Gizbeat has come across a situation where a chinaphonearena user is soft-bricked and can’t boot into Android. I believe this is due to the permission settings on the build.prop file.

He can still boot into recovery and is already rooted. So here’s a good chance to write a tutorial on how to change file permissions through ADB should the need arise.

The tutorial will cover this specific situation of doing it through recovery, but the basic premise and commands are the same, so you can do it while you’re booted as well (enable USB debugging if you’re booted already).

Also we’ll be changing the permissions in /system, for which root is required. Changing the permissions of non-system files wouldn’t require root access.

I’ll also just mention that if you can boot into Android, the process is much simpler and can be done with ES Explorer or a similar app.

What you’ll need:

What to Do:

  1. Install the PDAnet MTK6589 ADB VCOM drivers
  2. Extract MTK Droid Tools and run it
  3. Boot into recovery by holding Vol-UP and the power button at the same time
  4. Connect your phone to PC via USB
  5. Wait a few seconds and you should see your phone’s info come up on MTK Droid Tools
  6. In the bottom right corner, you’ll see ‘ADB Terminal’. Click it. A small black program window will open.
  7. At the prompt, type ‘adb shell’. You should now see either a ‘$’ or a ‘#’. The # means you’re rooted.
  8. Type ‘cd system’. You should now see ‘/system #’ (SEE NOTES)
  9. Type ‘chmod 644 build.prop’ (SEE NOTES)
  10. Reset
  • ‘cd’ stands for ‘change directory’. Replace inside the ‘<>’ with whatever directory you need to be in. Typing ‘ls’ at any point will show you where you currently are at in the phone’s file system and a list of folders and files at your current location. In this particular instance, we need to change a system file, so we type ‘cd system’ to change the directory to /system. Remember this depends where currently are. For example if we’re already navigated to ‘/android/data’ and type ‘cd system’ it will return an error.
  • This will depend on what file you want to modify. ‘chmod’ is the command. The number following it is the permission code. Then comes the name of the file you want to modify.
 
         U   G   W
        rwx rwx rwx     chmod 777 filename      
        rwx rwx r-x     chmod 775 filename
        rwx r-x r-x     chmod 755 filename
        rw- rw- r--     chmod 664 filename
        rw- r-- r--     chmod 644 filename

        U = User 
        G = Group 
        W = World

        r = Readable
        w = writable
        x = executable 
        - = no permission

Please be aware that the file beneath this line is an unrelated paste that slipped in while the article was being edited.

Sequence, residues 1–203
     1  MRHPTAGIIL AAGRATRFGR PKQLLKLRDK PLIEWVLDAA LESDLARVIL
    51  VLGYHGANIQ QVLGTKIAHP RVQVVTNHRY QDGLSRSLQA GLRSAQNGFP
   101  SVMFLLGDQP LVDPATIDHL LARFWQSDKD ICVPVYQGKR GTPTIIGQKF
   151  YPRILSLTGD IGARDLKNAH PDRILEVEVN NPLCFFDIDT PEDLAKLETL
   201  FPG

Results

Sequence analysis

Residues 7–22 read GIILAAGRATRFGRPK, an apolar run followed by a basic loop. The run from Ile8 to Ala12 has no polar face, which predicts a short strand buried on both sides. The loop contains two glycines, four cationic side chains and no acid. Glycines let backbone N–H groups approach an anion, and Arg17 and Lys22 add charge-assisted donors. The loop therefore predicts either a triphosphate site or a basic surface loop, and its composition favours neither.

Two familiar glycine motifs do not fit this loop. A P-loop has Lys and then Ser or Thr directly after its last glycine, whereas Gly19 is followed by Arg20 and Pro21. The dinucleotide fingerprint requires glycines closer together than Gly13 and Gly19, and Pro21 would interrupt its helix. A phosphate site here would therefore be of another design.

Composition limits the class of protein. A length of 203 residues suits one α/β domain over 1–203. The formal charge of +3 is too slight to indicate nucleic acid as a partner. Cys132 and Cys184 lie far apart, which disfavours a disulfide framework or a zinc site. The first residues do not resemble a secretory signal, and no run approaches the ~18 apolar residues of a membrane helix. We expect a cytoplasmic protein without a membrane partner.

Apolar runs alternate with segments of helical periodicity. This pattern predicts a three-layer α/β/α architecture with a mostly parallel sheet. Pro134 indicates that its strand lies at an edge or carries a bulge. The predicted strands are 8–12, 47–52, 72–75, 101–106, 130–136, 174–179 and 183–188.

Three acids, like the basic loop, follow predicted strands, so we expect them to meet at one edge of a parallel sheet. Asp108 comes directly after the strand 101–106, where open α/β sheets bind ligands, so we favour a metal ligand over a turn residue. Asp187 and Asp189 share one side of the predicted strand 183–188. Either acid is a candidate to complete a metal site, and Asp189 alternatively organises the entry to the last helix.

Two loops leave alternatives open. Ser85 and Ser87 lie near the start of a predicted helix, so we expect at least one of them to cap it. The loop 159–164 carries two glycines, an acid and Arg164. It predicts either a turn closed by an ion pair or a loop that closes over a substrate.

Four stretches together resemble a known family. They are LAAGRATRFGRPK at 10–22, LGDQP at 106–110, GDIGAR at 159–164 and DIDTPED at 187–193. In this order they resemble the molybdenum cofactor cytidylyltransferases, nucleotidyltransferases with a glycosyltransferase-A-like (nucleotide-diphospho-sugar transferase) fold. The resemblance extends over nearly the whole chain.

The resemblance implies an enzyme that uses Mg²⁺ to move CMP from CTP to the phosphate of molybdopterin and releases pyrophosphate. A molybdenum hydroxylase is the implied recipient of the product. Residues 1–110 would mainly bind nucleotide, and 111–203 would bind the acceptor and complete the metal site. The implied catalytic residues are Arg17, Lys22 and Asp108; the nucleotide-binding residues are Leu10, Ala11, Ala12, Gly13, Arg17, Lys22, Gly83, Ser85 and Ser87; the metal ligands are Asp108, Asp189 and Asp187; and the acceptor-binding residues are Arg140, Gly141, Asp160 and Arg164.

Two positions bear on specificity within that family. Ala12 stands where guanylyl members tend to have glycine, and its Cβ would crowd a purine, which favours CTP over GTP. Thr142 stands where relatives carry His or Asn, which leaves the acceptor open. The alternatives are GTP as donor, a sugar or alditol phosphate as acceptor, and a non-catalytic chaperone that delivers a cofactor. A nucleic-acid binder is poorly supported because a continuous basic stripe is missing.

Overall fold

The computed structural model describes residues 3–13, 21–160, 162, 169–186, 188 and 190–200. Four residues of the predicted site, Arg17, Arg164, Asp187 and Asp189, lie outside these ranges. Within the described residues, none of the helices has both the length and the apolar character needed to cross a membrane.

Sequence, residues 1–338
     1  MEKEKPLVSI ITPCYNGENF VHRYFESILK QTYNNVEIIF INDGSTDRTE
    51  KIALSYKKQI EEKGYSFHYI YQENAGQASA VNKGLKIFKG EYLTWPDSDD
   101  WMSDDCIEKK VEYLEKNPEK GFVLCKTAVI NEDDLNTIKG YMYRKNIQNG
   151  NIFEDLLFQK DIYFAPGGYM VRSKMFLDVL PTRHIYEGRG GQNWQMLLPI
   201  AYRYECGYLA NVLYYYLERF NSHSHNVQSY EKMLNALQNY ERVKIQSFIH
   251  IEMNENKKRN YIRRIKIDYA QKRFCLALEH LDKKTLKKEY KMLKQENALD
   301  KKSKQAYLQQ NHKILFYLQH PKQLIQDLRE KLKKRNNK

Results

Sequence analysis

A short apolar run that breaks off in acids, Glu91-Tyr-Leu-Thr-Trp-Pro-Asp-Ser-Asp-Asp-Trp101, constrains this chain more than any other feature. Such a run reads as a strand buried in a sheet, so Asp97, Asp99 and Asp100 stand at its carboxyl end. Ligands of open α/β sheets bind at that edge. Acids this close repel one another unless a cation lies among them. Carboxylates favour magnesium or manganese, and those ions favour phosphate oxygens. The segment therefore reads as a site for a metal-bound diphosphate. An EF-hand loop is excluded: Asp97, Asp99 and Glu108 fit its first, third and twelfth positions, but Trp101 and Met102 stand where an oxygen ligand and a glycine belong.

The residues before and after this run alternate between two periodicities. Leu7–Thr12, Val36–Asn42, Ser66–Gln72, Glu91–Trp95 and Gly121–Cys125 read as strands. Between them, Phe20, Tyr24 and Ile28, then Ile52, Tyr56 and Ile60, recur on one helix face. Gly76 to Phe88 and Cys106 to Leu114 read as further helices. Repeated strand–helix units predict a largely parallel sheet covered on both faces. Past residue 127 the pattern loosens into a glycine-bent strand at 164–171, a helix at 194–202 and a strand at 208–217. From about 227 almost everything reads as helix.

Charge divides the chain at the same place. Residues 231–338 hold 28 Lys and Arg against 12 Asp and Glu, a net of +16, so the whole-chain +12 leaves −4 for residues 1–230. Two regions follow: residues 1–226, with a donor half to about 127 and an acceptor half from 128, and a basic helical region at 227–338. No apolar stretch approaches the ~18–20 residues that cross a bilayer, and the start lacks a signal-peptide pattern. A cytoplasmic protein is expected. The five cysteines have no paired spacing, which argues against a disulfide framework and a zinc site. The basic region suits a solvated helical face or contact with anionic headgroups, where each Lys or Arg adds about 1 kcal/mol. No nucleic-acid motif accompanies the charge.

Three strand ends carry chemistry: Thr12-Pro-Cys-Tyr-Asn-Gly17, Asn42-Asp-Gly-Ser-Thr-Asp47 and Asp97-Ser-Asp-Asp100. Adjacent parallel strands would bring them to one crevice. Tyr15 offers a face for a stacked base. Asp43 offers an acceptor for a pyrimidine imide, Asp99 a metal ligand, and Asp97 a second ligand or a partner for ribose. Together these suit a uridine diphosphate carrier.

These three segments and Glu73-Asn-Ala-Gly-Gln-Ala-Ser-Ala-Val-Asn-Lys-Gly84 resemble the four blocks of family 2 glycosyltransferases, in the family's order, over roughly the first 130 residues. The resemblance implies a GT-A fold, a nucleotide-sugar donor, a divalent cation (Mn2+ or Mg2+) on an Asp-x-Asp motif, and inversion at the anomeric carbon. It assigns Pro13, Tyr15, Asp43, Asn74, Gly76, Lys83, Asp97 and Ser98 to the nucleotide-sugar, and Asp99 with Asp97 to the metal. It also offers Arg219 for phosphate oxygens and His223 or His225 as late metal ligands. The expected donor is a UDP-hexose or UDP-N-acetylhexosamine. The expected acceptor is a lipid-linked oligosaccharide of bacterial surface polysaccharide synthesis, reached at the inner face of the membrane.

How To Change File Permissions Through ADB Damian Parsons How ToRootTutorials
Gizbeat has come across a situation where a chinaphonearena user is soft-bricked and can't boot into Android. I believe this is due to the permission settings on the build.prop file. He can still boot into recovery and is already rooted. So here's a good chance to write a tutorial on...
<img class="alignnone" alt="" src="http://www.serverintellect.com/support/images/GLOBAL_CMD.gif" width="550" height="272" /> Gizbeat has come across a situation where a chinaphonearena user is soft-bricked and can't boot into Android. I believe this is due to the permission settings on the build.prop file. He can still boot into recovery and is already rooted. So here's a good chance to write a tutorial on how to change file permissions through ADB should the need arise. The tutorial will cover this specific situation of doing it through recovery,<span id="more-2103"></span> but the basic premise and commands are the same, so you can do it while you're booted as well (enable USB debugging if you're booted already). Also we'll be changing the permissions in /system, for which root is required. Changing the permissions of non-system files wouldn't require root access. I'll also just mention that if you can boot into Android, the process is much simpler and can be done with ES Explorer or a similar app. <span style="text-decoration: underline;"><strong>What you'll need:</strong></span> <ul> <li><a title="MTK6575 / MTK6577 / MTK6589 ADB VCOM PDAnet Drivers!" href="http://gizbeat.com/2069/mtk6575-mtk6577-mtk6589-adb-vcom-pdanet-drivers/" target="_blank">PDAnet MTK6589 ADB VCOM Drivers</a></li> <li><a href="http://chinaphonearena.com/forum/showthread.php?tid=461" target="_blank">The latest version of MTK Droid Tools</a></li> <li>A USB Cable to plug your phone into PC</li> </ul> <span style="text-decoration: underline;"><strong>What to Do:</strong></span> <ol> <li>Install the PDAnet MTK6589 ADB VCOM drivers</li> <li>Extract MTK Droid Tools and run it</li> <li>Boot into recovery by holding Vol-UP and the power button at the same time</li> <li>Connect your phone to PC via USB</li> <li>Wait a few seconds and you should see your phone's info come up on MTK Droid Tools</li> <li>In the bottom right corner, you'll see 'ADB Terminal'. Click it. A small black program window will open.</li> <li>At the prompt, type 'adb shell'. You should now see either a '$' or a '#'. The # means you're rooted.</li> <li>Type 'cd system'. You should now see '/system #' (SEE NOTES)</li> <li>Type 'chmod 644 build.prop' (SEE NOTES)</li> <li>Reset</li> </ol> <ul> <li>'cd' stands for 'change directory'. Replace inside the '<>' with whatever directory you need to be in. Typing 'ls' at any point will show you where you currently are at in the phone's file system and a list of folders and files at your current location. In this particular instance, we need to change a system file, so we type 'cd system' to change the directory to /system. Remember this depends where currently are. For example if we're already navigated to '/android/data' and type 'cd system' it will return an error.</li> <li>This will depend on what file you want to modify. 'chmod' is the command. The number following it is the permission code. Then comes the name of the file you want to modify.</li> </ul> <pre> <span style="color: #0000cd; font-size: medium;"><b>      <span style="color: #339966;">    U   G   W         rwx rwx rwx     chmod 777 filename               rwx rwx r-x     chmod 775 filename         rwx r-x r-x     chmod 755 filename         rw- rw- r--     chmod 664 filename         rw- r-- r--     chmod 644 filename         U = User          G = Group          W = World         r = Readable         w = writable         x = executable          - = no permission</span></b></span></pre>